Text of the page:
This is not a reference to Romeo and Juliet. It is a reference to the 80s movie Say Anything, where John Cusack plays Peter Gabriel's "In Your Eyes" on a boombox outside the house of the girl he likes.
Just gonna leave this here: https://www.youtube.com/watch?v=Vr60RCuVUb0&feature=youtube_gdata_player 220.127.116.11 14:35, 13 October 2013 (UTC)
- I agree. The most direct reference is clearly Say Anything. The more classical references are fine to include, but given that there's no detail particularly linking them to the comic, they should be de-emphasized in favor of the movie.- jerodast (talk) 23:35, 30 March 2015 (UTC)
I think this comic should refer to the male character as "Rob", since it seems from other comics (e.g. 716: Time Machine and 782: Desecration) that Rob and Megan have a close and possibly romantic relationship. See here for more discussion on this topic. Djbrasier (talk) 13:37, 13 March 2015 (UTC)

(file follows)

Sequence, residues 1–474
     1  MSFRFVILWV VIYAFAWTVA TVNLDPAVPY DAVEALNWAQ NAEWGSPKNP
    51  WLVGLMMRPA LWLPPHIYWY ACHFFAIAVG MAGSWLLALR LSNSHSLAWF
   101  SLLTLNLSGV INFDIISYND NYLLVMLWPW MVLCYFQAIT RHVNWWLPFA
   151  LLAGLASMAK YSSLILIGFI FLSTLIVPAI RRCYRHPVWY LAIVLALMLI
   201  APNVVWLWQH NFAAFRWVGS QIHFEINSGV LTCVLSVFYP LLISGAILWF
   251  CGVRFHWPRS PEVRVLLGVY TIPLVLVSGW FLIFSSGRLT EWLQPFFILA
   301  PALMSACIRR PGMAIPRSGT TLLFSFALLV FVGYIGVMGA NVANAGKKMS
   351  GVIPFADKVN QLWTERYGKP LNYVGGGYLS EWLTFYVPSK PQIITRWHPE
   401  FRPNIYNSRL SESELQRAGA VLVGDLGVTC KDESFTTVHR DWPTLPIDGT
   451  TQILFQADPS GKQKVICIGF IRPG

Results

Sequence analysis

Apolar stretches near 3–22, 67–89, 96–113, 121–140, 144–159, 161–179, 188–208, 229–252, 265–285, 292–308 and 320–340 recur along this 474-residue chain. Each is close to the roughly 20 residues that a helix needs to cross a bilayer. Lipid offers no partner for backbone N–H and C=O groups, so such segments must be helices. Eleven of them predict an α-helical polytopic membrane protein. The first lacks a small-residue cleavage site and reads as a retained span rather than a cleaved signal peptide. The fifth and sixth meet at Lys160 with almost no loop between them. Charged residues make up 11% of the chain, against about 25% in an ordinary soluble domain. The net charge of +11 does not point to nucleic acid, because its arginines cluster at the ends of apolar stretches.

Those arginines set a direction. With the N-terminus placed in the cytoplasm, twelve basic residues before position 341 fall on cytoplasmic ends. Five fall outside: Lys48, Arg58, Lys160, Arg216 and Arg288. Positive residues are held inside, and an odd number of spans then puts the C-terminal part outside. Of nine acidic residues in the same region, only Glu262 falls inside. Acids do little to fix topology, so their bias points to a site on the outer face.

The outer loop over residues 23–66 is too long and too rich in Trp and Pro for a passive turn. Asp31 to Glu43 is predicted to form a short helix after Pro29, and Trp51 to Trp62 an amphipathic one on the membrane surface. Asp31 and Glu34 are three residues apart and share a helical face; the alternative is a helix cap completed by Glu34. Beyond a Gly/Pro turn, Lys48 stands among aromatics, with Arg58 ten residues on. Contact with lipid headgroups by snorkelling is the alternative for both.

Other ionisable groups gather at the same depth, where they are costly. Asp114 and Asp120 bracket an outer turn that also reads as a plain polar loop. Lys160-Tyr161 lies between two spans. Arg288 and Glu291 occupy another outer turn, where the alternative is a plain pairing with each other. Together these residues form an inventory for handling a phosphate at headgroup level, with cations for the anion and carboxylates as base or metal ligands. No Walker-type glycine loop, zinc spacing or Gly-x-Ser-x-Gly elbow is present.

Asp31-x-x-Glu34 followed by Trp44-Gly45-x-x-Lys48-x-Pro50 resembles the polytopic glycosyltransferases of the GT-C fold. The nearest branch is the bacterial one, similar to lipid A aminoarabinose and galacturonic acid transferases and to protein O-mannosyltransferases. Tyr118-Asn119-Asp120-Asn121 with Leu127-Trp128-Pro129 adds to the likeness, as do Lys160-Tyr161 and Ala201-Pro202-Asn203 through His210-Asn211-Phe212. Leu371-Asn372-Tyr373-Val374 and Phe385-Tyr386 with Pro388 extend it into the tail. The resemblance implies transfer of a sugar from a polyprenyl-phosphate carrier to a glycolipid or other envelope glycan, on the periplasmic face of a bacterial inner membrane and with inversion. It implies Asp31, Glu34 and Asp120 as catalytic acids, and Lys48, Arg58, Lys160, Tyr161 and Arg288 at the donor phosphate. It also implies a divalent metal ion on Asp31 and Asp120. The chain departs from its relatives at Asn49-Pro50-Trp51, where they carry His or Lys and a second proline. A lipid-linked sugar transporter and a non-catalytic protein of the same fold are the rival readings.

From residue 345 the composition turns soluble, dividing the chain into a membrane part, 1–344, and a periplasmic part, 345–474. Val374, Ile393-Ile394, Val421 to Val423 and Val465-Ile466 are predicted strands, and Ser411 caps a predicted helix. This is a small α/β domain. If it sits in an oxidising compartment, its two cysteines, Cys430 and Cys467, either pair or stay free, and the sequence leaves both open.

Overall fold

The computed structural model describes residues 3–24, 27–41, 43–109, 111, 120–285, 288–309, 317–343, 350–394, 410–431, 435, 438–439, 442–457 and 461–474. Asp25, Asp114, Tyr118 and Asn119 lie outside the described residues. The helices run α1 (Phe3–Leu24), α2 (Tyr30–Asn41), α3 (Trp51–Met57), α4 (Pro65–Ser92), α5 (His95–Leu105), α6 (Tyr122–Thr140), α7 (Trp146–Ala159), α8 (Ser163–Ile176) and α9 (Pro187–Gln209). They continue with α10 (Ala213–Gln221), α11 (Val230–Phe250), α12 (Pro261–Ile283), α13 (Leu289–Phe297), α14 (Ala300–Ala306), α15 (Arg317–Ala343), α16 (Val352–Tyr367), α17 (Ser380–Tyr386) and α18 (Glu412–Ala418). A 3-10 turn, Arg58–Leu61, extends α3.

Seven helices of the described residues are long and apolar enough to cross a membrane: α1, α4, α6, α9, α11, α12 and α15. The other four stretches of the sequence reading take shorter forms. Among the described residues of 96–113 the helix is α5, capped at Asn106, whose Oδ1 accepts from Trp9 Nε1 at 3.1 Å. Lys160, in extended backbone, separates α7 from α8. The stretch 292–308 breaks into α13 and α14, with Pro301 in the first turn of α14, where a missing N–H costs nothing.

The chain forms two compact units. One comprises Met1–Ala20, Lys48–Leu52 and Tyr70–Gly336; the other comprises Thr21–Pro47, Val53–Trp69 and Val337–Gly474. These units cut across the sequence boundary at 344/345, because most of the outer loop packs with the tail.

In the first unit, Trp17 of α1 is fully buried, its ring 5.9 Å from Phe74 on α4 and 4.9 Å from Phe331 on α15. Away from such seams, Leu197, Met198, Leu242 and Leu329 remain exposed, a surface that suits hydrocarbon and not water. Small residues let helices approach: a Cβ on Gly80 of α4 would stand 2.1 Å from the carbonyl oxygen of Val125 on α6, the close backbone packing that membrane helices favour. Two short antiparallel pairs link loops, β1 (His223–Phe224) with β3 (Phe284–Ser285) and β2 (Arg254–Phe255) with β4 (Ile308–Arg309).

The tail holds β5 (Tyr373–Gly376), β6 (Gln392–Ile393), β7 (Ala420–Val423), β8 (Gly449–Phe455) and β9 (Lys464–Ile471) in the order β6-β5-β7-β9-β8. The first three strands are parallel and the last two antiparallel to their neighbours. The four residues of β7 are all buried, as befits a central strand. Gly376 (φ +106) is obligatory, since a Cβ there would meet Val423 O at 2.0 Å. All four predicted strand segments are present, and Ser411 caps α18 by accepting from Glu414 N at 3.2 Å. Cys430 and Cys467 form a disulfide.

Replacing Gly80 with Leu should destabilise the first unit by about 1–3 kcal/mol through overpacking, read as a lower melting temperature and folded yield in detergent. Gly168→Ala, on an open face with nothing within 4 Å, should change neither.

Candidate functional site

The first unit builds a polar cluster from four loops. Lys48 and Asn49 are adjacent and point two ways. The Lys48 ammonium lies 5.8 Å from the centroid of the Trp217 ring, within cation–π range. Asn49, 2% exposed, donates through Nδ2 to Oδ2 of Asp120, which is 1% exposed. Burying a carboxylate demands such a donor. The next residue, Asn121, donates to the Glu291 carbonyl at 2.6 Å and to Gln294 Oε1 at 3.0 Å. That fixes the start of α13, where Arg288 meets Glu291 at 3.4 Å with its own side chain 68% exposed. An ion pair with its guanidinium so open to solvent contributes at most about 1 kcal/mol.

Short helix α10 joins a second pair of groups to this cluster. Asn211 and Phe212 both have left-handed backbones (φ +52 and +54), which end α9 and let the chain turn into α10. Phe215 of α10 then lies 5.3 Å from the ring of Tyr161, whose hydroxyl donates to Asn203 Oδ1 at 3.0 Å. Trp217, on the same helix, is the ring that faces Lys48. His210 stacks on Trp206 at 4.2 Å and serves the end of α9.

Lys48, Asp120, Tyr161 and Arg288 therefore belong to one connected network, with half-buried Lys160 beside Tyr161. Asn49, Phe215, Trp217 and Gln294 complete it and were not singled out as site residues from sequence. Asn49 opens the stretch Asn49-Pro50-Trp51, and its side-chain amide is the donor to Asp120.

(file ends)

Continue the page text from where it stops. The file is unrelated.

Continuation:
- I disagree. In none of the comics where Megan is named has Rob been named as well. So there is no indication that they are the same. Most of the time Megan and Cueball are not "named" character. In a few (three?) Megan is used for the xkcd Megan. And out of almost a 1000 cases Cueball has only been named Rob in 9. In a few of these he is together with the xkcd Megan. Viac versa in the three with Megans name, Cueball is also there, but then he is not named Rob. --Kynde (talk) 13:15, 15 March 2015 (UTC)
- I think the name Rob should only be used when the comic specifically mentions the name, Cueball for every other generic stickman.--17jiangz1 (talk) 11:22, 10 April 2015 (UTC)
I think we need to make a distinction: the term "character" can refer to either a stick figure with distinguishing features (e.g. Black Hat, Cueball), or a real (or fictional person) which such a figure often represents (e.g. Randall, Rob). This distinction is often blurred, for example Megan is both a stick figure and a person. Hopefully this will help clear up some confusion! Richmond tudor (talk) 01:57, 16 March 2015 (UTC)